Friday, 29 November 2013

Madame LaLaurie

Image attribution: author unknown [Public Domain] via Wikimedia Commons

In 1834, a New Orleans fire crew were putting out a fire at the mansion of Madame LaLaurie (c.1775 - c.1842), a well known socialite who often threw lavish cocktail parties. At first, it seemed just like another day's work for the firefighters. But then someone noticed the smell of  burning flesh coming from inside the building. A team was sent to investigate. What they discovered would send shock waves through the entire community.

One 70-year-old female slave was found chained up in the kitchen (it later emerged that she had started the fire as a suicide attempt, in order to escape the constant abuse she suffered at the hands of Madame LaLaurie). In another part of the house, more slaves were found chained up, some of them in deeply unnatural and uncomfortable positions. Some were alive; others were not. All showed signs of prolonged torture.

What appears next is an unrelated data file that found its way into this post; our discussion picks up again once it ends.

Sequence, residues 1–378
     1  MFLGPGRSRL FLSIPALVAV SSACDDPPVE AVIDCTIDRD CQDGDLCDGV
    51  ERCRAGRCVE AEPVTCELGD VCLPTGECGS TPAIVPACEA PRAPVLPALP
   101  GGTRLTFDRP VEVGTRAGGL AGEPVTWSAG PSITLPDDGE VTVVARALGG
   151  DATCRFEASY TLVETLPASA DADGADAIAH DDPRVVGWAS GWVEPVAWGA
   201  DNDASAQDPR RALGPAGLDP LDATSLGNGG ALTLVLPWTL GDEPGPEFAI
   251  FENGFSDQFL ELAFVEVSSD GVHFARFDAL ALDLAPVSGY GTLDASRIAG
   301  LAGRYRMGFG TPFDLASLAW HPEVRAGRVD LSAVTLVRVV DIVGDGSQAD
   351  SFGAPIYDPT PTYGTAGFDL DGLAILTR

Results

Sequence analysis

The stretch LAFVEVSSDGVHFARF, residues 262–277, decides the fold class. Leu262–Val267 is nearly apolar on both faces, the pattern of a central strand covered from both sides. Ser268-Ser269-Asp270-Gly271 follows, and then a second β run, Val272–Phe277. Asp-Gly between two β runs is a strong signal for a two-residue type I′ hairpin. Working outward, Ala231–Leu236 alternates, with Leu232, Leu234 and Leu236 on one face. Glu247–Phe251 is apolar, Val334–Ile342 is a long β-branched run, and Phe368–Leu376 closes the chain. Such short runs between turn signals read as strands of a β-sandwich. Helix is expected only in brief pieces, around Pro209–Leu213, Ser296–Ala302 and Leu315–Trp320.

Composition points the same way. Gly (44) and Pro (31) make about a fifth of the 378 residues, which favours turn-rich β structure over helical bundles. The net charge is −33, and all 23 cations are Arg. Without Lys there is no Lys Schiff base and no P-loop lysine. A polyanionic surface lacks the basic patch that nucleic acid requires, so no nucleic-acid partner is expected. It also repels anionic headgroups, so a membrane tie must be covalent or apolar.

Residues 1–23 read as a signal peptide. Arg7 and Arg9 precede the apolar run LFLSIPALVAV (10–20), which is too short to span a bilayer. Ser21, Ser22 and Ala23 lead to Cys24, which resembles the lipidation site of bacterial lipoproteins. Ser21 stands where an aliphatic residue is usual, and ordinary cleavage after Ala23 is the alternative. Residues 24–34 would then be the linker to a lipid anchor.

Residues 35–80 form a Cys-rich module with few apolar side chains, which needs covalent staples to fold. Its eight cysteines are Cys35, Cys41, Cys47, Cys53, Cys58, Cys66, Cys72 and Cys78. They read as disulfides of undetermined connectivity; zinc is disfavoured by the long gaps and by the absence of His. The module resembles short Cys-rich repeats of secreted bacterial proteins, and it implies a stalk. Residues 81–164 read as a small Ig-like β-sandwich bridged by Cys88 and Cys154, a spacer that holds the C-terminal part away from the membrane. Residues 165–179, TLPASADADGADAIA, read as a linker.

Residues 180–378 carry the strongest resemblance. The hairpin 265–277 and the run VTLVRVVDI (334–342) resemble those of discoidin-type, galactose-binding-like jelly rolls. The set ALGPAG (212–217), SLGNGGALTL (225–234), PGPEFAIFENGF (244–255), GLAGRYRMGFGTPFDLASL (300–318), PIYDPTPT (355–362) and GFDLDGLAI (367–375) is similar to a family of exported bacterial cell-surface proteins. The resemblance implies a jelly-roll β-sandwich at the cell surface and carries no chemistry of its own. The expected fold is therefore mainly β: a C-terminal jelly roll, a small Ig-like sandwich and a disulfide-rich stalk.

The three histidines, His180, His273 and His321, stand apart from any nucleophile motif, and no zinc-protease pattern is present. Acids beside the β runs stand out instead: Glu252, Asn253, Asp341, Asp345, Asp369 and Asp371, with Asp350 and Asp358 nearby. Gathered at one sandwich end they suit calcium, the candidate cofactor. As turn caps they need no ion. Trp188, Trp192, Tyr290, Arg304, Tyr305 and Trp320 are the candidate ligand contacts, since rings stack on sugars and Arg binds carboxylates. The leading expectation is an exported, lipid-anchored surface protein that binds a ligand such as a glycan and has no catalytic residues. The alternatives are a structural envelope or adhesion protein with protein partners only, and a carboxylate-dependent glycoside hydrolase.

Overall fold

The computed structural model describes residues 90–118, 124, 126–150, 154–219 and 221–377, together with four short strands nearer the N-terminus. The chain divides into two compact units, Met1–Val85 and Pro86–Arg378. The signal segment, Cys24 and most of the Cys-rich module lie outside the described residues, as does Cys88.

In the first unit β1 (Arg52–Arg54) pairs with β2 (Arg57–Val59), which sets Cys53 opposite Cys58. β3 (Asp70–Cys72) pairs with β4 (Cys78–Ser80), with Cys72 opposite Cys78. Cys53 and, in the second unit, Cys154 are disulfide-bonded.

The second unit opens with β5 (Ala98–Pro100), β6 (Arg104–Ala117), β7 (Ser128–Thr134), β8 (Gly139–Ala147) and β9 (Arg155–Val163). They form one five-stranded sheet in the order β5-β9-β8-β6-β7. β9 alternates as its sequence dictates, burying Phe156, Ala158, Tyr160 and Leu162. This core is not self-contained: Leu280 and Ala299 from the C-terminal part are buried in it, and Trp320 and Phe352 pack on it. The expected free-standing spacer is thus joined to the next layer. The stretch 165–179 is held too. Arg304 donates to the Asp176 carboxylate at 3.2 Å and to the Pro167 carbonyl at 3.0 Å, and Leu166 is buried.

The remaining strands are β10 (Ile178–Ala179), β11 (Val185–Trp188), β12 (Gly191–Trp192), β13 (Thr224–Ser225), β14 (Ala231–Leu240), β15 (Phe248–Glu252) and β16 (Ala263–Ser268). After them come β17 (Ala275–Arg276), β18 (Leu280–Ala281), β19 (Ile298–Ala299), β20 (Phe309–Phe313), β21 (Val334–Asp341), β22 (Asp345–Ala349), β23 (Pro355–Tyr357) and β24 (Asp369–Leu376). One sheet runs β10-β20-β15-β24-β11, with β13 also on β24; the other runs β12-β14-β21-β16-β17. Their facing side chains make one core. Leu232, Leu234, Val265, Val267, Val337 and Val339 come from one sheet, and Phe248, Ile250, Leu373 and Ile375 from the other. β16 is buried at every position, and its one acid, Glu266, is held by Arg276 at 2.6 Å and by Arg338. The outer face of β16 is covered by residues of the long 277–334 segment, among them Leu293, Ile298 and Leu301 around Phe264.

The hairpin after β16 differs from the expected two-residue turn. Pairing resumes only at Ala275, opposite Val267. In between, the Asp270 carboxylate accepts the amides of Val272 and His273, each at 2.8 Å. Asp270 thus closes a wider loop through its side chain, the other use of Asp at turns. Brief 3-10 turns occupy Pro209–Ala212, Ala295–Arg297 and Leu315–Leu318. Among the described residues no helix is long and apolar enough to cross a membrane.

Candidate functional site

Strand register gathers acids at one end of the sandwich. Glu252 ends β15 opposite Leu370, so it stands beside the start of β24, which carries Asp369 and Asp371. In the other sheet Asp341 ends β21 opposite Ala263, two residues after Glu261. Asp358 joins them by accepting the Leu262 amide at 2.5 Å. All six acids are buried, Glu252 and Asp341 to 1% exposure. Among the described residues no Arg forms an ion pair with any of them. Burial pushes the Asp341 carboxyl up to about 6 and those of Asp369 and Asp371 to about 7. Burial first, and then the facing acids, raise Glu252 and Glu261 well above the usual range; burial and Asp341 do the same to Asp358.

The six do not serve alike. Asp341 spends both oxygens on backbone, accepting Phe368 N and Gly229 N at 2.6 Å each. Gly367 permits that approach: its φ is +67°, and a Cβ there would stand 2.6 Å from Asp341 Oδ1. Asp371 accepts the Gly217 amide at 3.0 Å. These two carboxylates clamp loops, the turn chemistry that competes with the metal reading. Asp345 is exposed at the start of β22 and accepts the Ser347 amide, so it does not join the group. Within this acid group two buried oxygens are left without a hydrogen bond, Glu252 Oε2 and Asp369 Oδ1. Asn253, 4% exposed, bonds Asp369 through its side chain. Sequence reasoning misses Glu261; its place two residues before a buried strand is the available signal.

News of Madame LaLaurie's ghastly torture chamber spread throughout the local community, and a mob of angry citizens descended on the mansion. The police were called, but by the time they arrived the mob had destroyed everything of value that they could lay their hands on, and Madame LaLaurie had escaped. The story goes that she made her way to Paris, where she died in 1842. She was never brought to justice for her crimes.

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